“You can handle casks o’tallow; you can handle hides an’ horn;
You can carry frozen mutton, you can lumber sacks o’corn;
But the queerest kind o’ cargo that you’ve got to haul an’ pull,
Is Australia’s “staple product” — is her God abandoned wool.
For it’s greasy an’ it’s stinkin’, an’ them awkward, ugly bales
Must be jammed as close as herrings in a ship afore she sails,
So you yakker, yakker, yakker,
For the drop o’ beer an’ bacca,
For to earn your bloomin’ clobber an’ the bit o’ tuck you eat,
When you’re layin’ on the screw,
With the boss a-cursin’ you,
An’ the sweat runs like a river, an’ you’re chokin’ with the heat.”

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In the above extract we are convinced of two things: that Mr. Brady knows the lumper, and has watched him long enough at work to know a bale of wool sometimes takes half-a-day of “layin’ on the screw” to get into place; and that for reasons of his own he uses a Kipplingesque form to express himself. The chorus is enough to prove that. The way of it, the lilt of it, but not the strength of it. Obviously it is a tag to the verse out of imitation, conscious or unconscious. Else why should it be there?

As one reads the remainder of the verses, and finds in other pages more light on the life of the lumper — good vigorous etchings sometimes — more and more he becomes convinced that Mr. Brady has insight and grip but lacks an individual style. That and the other choruses are the weakest and worst parts of the poems — the most careless will notice this — yet Mr. Brady allowed them to remain in all the glory of italic pride. With Kipling the chorus is a crown to the verse —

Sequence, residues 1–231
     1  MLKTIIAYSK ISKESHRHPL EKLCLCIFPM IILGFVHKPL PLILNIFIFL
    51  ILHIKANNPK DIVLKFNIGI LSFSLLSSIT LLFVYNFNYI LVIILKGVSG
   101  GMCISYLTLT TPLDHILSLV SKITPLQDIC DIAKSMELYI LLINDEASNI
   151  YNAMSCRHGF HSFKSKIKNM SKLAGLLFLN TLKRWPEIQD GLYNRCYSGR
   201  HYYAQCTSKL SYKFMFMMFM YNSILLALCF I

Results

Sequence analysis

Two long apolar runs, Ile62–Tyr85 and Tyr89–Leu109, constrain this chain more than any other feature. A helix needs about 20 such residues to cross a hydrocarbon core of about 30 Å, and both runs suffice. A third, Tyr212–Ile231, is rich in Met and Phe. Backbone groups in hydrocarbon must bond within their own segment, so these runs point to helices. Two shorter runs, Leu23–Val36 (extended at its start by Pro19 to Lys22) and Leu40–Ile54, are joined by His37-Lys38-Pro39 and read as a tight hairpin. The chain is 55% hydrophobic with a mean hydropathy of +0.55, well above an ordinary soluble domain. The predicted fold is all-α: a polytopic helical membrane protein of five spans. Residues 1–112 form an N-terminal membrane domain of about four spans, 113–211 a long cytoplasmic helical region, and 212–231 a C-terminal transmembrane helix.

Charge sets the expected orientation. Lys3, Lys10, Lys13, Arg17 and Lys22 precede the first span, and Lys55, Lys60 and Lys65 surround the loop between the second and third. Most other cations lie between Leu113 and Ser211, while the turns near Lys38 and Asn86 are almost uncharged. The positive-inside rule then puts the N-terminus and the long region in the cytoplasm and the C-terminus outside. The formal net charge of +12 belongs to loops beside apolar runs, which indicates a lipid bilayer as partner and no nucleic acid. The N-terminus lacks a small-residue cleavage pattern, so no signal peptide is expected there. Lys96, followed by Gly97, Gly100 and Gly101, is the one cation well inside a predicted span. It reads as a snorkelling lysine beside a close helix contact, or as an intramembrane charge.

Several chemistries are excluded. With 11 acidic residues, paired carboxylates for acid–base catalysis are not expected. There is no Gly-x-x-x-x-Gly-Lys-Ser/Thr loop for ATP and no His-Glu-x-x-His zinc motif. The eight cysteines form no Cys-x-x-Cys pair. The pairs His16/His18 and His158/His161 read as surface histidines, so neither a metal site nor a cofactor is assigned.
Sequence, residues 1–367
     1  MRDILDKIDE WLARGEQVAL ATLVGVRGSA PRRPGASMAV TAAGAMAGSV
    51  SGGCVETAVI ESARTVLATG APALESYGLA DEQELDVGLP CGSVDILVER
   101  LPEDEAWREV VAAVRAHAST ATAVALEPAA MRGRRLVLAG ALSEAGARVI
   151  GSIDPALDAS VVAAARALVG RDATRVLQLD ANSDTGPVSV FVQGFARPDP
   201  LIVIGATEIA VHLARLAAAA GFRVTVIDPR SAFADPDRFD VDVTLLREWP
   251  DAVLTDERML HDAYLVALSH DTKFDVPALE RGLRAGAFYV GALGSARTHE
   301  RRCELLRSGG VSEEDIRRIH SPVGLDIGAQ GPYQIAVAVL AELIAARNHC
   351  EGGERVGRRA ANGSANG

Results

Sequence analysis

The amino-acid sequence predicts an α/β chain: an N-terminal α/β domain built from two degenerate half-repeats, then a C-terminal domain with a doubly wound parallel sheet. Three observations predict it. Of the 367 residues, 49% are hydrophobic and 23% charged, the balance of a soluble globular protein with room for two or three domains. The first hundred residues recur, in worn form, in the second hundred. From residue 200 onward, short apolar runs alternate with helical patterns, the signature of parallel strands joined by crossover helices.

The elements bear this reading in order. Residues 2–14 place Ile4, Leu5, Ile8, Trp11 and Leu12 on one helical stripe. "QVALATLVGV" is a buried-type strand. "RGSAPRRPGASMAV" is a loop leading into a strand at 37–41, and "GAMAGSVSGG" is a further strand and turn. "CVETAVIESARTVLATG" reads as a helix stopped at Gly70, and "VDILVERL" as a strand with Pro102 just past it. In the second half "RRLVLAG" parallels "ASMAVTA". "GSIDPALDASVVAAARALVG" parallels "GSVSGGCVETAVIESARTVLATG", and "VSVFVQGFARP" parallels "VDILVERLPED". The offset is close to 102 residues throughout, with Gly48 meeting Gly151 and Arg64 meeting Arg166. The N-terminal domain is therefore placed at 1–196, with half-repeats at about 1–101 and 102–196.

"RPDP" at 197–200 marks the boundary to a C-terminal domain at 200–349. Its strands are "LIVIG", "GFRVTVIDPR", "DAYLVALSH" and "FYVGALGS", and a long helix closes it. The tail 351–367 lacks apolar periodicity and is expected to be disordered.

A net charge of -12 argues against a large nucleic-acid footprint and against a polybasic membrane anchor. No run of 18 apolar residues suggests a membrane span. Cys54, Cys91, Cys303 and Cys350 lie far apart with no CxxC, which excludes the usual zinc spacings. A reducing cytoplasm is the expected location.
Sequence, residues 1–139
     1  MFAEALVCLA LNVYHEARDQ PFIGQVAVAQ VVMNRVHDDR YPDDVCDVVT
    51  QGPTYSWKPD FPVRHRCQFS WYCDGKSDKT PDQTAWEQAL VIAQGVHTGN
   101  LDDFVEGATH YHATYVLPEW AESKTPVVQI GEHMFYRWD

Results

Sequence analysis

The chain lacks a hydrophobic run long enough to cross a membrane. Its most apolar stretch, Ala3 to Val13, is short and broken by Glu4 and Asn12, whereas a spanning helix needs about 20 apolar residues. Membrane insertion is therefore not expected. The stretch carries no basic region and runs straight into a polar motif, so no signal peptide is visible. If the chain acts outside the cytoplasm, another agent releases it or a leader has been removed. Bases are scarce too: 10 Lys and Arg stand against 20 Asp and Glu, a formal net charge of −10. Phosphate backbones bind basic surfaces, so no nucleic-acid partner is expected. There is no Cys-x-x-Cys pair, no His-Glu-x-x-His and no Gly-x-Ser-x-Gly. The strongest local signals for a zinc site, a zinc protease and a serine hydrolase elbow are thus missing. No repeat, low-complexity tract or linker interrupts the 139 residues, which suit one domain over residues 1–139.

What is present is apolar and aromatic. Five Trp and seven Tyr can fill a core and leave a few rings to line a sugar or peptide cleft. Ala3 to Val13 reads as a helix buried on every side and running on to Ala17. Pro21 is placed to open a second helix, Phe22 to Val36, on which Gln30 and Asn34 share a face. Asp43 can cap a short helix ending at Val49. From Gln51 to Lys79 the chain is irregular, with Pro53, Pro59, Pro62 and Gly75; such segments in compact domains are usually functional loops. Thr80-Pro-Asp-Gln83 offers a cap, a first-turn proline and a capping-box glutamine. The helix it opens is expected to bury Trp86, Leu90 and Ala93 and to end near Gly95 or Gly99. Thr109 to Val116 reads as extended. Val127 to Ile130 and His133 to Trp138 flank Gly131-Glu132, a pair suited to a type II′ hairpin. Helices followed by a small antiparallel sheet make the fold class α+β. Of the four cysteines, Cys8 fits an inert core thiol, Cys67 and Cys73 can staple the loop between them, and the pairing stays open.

“For it’s Tommy this, an’ Tommy that, an’ ‘chuck him out, the brute!’
But it’s ‘Saviour of ’is country’ when the guns begin to shoot;
An’ it’s Tommy this, an’ Tommy that, ’an anything you please;
An’ Tommy ain’t a bloomin’ fool — you bet that Tommy sees!”

This chorus to “Tommy” epitomises the ballad, but alas Mr. Brady’s choruses never do that, and instead of being crowns to the verses they are weeds that trip their feet.

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In “Hide’s and Tallow” we find Mr. Brady in his best vein — again he deals with the travail of the lumper — and find no words but gentle for the verse. He is, perhaps, nearer to himself in this than any other piece in the book, and so, as is natural in the case of a man with a lyrical ear and an observing eye, paints his picture in a far stronger, and far superior manner, than when he has the echo of other rhymes to guide him to his goal. Judging him on this we would prophesy that later on, dealing with the same phase of life, the author would do really good work; but taking the volume synthetically we must confess that in our opinion Mr. Brady has left Australian literature as he found it.